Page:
Clicky

January 20, 2022

Internet Business Newswire

Global Business News

San Diego County Coronavirus Information December 2020 – NBC 7 San Diego

The continued, slow rollout of the coronavirus vaccine. New initiatives for COVID-19 equity in hard-hit zones. The lifting of the regional stay-at-home order. Much like the many months prior, January 2021 was an eventful one for life amid the ongoing coronavirus pandemic. Here’s a look back at what happened in January 2021 in San Diego County.

COVID-19 Patients in San Diego County

San Diego County Health and Human Services Agency (HHSA) officials confirmed there have been 236,768 positive COVID-19 cases and 2,603 deaths since Feb. 14, 2020.

Here’s the San Diego County Public Health Order as of Jan. 25, 2021:


Second Half of January 2021 in San Diego

Jan. 31
New Vaccination Super Station Opens: A third Vaccination Super Station at Cal State San Marcos’ Sports Center at 333 South Twin Oaks Valley Rd began distributing vaccine doses on Sunday. The site will be open Sunday through Thursday from 9:30 a.m. to 3:30 p.m. Eventually, the site will vaccinate up to 5,000 people a day but will start with about 250 to 1,000 people a day due to limited doses available.Appointments can be made here.

Jan. 30
Cases, deaths: Officials said 2,128 new COVID-19 cases reported by the county, a total of 236,768 since the pandemic first appeared in San Diego County. There were 32 deaths recorded on Friday. Since February 2020, 2,603 San Diegans have been killed by the coronavirus.

Community outbreaks: Five new community outbreaks were reported on Jan. 29, 57 in the past seven days.

Jan. 29
Closures, cancelations: Mangia Italiano on Third, a centerpiece for family and political events in Chula Vista, announced that it was closing its doors on Sunday.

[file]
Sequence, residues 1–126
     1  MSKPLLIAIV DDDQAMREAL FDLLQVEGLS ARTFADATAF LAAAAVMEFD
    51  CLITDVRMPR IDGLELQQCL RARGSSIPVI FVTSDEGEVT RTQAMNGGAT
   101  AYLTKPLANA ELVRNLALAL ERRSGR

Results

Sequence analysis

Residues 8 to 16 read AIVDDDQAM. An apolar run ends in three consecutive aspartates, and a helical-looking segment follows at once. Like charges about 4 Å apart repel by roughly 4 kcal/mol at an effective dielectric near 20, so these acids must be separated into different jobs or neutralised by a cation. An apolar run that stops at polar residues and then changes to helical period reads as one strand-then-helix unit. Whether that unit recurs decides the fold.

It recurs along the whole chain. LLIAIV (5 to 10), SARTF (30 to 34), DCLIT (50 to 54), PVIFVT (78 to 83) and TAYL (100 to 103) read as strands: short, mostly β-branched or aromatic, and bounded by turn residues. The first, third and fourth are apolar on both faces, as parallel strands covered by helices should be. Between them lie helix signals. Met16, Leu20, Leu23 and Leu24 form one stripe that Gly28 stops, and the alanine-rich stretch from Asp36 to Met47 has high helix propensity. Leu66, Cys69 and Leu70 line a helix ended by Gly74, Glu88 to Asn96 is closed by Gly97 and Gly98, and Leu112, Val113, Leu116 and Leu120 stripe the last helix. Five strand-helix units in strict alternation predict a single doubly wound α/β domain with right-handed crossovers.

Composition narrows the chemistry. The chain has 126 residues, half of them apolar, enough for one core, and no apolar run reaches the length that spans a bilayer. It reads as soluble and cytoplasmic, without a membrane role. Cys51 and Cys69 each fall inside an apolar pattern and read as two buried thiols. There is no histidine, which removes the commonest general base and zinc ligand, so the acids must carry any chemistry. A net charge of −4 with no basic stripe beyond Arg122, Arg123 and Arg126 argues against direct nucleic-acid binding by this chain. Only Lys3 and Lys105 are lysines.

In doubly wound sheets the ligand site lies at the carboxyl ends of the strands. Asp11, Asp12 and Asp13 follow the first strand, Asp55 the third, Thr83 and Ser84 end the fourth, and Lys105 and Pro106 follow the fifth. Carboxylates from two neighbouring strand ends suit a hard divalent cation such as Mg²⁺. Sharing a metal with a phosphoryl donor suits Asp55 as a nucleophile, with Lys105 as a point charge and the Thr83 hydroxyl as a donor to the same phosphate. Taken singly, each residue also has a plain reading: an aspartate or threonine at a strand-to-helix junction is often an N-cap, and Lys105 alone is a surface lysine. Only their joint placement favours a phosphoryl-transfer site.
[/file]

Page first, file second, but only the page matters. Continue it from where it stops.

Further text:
The business’ owner said he was forced to make the decision to close after he and his landlord couldn’t reach an agreement on the rent moving forward. Sparks needed it to decrease because his business has been slashed. However, the landlord insisted on increasing it.

Also on Friday, Riverside County health officials announced that they were canceling the popular Coachella and Stagecoach music festivals, annual destinations for thousands of San Diegans every spring.

Cases, deaths: Officials said 1,670 new COVID-19 cases reported by the county, a total of 234,640 since the pandemic first appeared in San Diego County. There were 37 deaths recorded on Thursday. Since February 2020, 2,571 San Diegans have been killed by the coronavirus.

Community outbreaks: 11 new community outbreaks were reported on Jan. 28, 59 in the past seven days.

Jan. 28
County Joins State’s MyTurn Vaccine Scheduling
: From this point forward, all new vaccine sites, including seven current vaccination “pods” — which can vaccinate up to 500 people a day — will schedule appointments through the state-run MyTurn website. Appointments for those eligible can be made here.

Free Rides for Vaccines: In order to get people to their vaccine appointments, the Metropolitan Transit System will be offering free rides by bus or trolley to anyone with proof of an appointment.

Vaccines: To date, the county has surpassed its goal of administering 250,000 doses of the COVID-19 vaccine by the end of January. On Thursday, 269,218 doses had been administered thus far.